The kiss of Judas: From ‘abominable idol’ to table of the Ten Commandments

This rare medieval wooden panel painting dating from c. 1460 depicts the moment of Christ’s betrayal by Judas Iscariot. Regarded as ‘abominable idols’ that seduced the simple to commit the sin of ‘spiritual fornication’, many such images were victims of iconoclastic violence during the English Reformation and the Civil Wars of the mid-seventeenth century. Up to 97% of ecclesiastical art in England was destroyed; those works that escaped incineration or demolition have often been defaced. This painting, once in the church of St Mary, Grafton Regis, Northamptonshire, appears to have survived because it was recycled to serve an alternative purpose within Protestant worship. The sixteenth-century black-letter lettering on the back of the panel suggests that it was turned around and converted into a table of the Ten Commandments. Typical items of reformed church furniture, such tables reflected the renewed emphasis on the Mosaic moral law that accompanied the Reformation. Its vibrant colours restored by conservation, this painting provides a vivid glimpse of a late medieval world that has largely been lost. The intimate kiss that Judas bestows upon Christ poignantly underscores the depth of his treachery towards the saviour and redeemer of mankind. AW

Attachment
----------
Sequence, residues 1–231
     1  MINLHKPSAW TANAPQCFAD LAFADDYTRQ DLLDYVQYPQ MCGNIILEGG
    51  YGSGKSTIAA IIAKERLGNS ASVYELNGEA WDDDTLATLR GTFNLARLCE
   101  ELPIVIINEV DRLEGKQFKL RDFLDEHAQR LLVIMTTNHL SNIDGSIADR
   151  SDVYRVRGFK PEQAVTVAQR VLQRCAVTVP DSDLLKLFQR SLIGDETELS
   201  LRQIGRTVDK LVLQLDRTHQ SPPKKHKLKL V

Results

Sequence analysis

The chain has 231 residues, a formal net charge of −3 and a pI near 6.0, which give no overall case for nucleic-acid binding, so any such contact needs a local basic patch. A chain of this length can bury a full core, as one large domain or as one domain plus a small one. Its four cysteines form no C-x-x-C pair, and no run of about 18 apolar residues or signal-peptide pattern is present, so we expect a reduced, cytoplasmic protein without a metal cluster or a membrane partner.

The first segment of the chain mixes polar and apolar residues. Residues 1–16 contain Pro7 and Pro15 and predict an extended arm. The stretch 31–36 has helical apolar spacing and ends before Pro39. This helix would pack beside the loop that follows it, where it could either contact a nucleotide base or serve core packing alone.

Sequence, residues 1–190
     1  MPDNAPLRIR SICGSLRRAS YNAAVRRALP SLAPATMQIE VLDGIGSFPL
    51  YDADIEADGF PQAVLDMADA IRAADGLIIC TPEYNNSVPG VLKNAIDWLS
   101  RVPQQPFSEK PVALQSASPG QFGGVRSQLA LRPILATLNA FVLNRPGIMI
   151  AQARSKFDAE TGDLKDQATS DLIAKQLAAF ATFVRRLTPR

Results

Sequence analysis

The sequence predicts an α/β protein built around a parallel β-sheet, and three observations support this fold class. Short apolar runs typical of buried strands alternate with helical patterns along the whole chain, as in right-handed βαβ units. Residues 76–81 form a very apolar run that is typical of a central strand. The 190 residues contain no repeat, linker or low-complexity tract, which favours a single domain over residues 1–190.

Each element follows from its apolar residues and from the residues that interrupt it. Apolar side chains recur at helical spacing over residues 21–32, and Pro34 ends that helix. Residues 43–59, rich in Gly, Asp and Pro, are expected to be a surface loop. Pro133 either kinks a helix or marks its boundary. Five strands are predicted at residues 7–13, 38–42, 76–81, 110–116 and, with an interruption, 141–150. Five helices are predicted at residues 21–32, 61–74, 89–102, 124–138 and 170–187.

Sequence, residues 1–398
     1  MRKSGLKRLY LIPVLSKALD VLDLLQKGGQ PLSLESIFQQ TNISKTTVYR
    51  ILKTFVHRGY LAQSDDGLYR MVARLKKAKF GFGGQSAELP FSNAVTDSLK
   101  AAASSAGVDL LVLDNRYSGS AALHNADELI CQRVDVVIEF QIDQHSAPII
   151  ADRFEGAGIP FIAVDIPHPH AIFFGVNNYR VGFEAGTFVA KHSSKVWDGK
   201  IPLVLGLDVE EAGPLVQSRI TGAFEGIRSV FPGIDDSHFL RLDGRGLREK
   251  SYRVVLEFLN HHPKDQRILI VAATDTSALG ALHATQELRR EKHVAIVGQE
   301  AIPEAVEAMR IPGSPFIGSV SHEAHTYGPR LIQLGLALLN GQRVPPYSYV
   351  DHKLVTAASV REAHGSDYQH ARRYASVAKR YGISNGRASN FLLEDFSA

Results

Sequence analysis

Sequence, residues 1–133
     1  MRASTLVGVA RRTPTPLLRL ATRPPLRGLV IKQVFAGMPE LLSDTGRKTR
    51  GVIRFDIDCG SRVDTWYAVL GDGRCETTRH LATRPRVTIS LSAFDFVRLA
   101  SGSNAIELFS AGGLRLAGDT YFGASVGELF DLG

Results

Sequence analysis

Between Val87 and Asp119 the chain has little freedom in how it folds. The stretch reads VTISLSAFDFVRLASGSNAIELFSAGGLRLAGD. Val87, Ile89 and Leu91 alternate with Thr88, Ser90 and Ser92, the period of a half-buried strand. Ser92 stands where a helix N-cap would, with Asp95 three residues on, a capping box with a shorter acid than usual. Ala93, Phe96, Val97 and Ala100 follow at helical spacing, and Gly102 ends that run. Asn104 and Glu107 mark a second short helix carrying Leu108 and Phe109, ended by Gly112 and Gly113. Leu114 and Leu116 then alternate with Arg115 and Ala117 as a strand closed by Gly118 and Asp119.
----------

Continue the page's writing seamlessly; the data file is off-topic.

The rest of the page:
Medieval panel painting depicting the kiss of Judas, c. 1460, recycled as a commandment table.

Fitzwilliam Museum, Cambridge, PD.2-2012.

Image: © The Fitzwilliam Museum, Cambridge

Further Reading

‘Reformation “recycling” may have saved rare painting from destruction’, University of Cambridge website, 27 November 2015,

Maurice Howard, ‘Art Re-formed: Spiritual Revolution, Spatial Re-location’, in Tara Hamling and Richard L. Williams (eds), Art Re-formed: Re-assessing the Impact of the Reformation on the Visual Arts (Newcastle, 2007), pp. 267–71.

Alexandra Walsham, ‘Recycling the Sacred: Material Culture and Cultural Memory after the English Reformation’, Church History (forthcoming 2017).

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